Why I Celebrate Halloween

 

I love Halloween!   And so does my neighborhood – Oak Cliff does Halloween big.  And so Laura and I made a decision a number of years ago to make the holiday our primary party of the year.  Since Grace was 3 or 4 years old, we’ve filled our home with friends and handed out vast quantities of candy in the yard.

In some circles, my enthusiasm might be suspect.  I have friends who resist the observation of the holiday.  If that’s you, I won’t try to change your mind.  However, I do have reasons for my revelry.  

First off, Halloween coincides with the arrival of bearable Texas weather.  It’s finally cool enough to hang outside without a fan and to enjoy long sits with friends.  I’ve lived in three homes built in the 1920s and porches in those days were designed as an extra living room.  Autumn is the prime season for hanging out front.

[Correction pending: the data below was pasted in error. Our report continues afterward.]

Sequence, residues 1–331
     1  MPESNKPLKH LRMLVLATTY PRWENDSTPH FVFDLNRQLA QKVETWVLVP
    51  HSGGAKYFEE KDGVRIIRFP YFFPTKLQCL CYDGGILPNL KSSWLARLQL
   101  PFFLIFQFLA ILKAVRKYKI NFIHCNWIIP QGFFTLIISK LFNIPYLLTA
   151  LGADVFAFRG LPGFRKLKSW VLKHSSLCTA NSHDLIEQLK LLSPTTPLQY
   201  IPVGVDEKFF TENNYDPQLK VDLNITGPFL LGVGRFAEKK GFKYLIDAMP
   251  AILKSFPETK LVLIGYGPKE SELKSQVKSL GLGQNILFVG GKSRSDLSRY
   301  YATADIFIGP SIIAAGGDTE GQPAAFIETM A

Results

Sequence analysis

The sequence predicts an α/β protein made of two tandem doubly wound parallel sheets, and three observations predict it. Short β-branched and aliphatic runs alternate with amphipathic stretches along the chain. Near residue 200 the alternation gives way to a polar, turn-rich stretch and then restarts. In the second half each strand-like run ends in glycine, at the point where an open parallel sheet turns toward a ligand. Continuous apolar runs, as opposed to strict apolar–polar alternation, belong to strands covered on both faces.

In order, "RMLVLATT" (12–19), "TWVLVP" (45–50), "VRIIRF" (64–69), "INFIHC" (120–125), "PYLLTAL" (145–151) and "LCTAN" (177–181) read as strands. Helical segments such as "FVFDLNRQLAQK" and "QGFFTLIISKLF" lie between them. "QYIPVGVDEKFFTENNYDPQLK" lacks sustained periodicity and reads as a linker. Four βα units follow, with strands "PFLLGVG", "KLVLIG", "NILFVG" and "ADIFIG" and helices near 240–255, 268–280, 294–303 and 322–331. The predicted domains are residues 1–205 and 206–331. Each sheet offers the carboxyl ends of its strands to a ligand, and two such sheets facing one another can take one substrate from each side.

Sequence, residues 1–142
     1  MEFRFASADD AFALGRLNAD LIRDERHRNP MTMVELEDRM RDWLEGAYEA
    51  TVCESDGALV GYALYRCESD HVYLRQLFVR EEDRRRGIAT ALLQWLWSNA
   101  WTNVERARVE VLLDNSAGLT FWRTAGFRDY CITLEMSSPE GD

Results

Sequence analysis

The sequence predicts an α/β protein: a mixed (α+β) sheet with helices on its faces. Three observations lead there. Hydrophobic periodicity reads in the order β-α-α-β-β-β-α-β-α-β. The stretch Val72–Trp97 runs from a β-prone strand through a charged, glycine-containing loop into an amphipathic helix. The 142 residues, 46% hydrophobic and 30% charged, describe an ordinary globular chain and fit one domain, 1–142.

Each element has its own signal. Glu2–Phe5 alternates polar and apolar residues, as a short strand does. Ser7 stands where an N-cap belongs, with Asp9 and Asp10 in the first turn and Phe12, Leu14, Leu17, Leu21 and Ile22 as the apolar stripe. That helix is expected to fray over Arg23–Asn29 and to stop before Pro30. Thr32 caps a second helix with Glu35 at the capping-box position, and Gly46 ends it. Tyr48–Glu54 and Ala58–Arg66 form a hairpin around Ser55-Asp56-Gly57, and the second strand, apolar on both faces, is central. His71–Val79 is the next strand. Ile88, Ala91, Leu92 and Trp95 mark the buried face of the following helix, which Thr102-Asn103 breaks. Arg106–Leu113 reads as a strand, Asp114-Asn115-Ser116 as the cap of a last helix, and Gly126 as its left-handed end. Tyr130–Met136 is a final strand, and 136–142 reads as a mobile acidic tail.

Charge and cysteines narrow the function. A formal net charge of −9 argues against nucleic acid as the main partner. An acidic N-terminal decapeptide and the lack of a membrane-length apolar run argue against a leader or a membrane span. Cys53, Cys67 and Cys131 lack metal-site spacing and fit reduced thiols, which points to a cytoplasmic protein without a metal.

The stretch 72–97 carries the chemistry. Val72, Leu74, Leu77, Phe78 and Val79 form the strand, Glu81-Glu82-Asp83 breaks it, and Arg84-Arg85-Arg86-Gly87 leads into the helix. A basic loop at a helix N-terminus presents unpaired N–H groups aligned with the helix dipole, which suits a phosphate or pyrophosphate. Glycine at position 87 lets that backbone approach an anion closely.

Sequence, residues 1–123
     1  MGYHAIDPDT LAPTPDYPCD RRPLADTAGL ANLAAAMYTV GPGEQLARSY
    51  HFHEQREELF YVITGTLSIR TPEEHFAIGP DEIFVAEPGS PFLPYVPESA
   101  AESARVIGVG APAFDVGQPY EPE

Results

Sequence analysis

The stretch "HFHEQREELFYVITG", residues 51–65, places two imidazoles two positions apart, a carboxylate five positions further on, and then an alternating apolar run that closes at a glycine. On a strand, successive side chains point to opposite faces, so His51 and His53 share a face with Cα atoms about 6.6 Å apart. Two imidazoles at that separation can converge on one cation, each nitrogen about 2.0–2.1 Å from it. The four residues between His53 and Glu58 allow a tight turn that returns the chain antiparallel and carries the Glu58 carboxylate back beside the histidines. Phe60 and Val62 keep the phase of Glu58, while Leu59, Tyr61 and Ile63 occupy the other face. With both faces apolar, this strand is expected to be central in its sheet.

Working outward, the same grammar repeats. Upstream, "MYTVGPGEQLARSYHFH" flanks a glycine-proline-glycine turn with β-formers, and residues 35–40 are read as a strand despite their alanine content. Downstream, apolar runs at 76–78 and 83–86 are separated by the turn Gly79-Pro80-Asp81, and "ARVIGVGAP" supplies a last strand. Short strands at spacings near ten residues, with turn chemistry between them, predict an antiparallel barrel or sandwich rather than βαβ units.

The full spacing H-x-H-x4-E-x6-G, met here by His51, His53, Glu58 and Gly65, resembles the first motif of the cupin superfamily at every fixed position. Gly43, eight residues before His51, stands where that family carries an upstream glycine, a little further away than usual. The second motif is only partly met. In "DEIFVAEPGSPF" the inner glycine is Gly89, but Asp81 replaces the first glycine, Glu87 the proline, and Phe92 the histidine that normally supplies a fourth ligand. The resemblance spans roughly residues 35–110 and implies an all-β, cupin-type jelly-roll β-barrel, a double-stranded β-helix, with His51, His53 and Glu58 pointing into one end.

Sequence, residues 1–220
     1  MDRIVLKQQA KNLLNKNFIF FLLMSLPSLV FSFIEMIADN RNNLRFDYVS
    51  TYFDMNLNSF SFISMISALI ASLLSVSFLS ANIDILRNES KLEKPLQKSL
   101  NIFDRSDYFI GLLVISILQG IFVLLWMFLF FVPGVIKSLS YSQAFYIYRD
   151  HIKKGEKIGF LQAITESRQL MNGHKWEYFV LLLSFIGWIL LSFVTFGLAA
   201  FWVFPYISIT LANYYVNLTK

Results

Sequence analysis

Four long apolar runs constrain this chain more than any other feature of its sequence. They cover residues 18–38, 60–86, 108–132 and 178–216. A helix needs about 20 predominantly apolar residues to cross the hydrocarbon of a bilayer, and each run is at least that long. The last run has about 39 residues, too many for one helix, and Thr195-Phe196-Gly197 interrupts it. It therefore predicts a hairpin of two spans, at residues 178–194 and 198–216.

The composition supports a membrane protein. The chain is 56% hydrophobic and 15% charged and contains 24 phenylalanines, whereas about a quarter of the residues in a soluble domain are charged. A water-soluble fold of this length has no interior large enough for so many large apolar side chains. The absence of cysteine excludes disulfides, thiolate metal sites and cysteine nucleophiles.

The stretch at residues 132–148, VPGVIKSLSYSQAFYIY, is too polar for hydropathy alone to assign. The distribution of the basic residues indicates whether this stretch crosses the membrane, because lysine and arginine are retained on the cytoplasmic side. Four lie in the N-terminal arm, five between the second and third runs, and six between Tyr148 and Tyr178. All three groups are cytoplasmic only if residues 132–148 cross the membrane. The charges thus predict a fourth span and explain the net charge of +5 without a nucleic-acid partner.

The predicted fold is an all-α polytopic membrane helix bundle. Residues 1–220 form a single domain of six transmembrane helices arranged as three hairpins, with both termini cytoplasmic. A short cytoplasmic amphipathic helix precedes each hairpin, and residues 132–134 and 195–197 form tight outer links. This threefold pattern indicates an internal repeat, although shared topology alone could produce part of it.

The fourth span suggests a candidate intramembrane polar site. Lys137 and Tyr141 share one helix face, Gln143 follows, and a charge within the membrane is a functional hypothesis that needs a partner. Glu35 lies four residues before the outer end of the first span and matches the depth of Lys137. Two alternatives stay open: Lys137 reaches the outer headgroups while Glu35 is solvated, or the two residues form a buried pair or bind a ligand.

But Halloween is not just for family and friends, home and hearth.  It’s a neighborhood celebration.  For when else do folks hit the streets and stroll from door to door.  There have been several years when I’ve had more good conversations with neighbors on Halloween than on any other day in that year.  

It’s a chance to pound the pavement and to notice: which homes are full of life and which are shuttered, who hosts the parties and who resists the hospitality, where do people gather and where do they avoid.  As I join the throng of trick-or-treaters, I’m looking for data about my neighborhood, opportunities to be a blessing on the other days of the year.  

And finally,  Halloween for me is not as much of a veneration of the macabre as a taunt.  In losing Laura, I despise Death, the petty thief of cherished ones.  But I refuse to let the bastard think that it’s got the best of me or mine.  Halloween has become my way of giving Death the finger, laughing in its face.  Or in other words,

Who got the last word, oh, Death?  Oh, Death, who’s afraid of you now?  For death was swallowed by triumphant Life!”  (1 Corinthians 15:55).   

That’s my conviction.  That’s my celebration.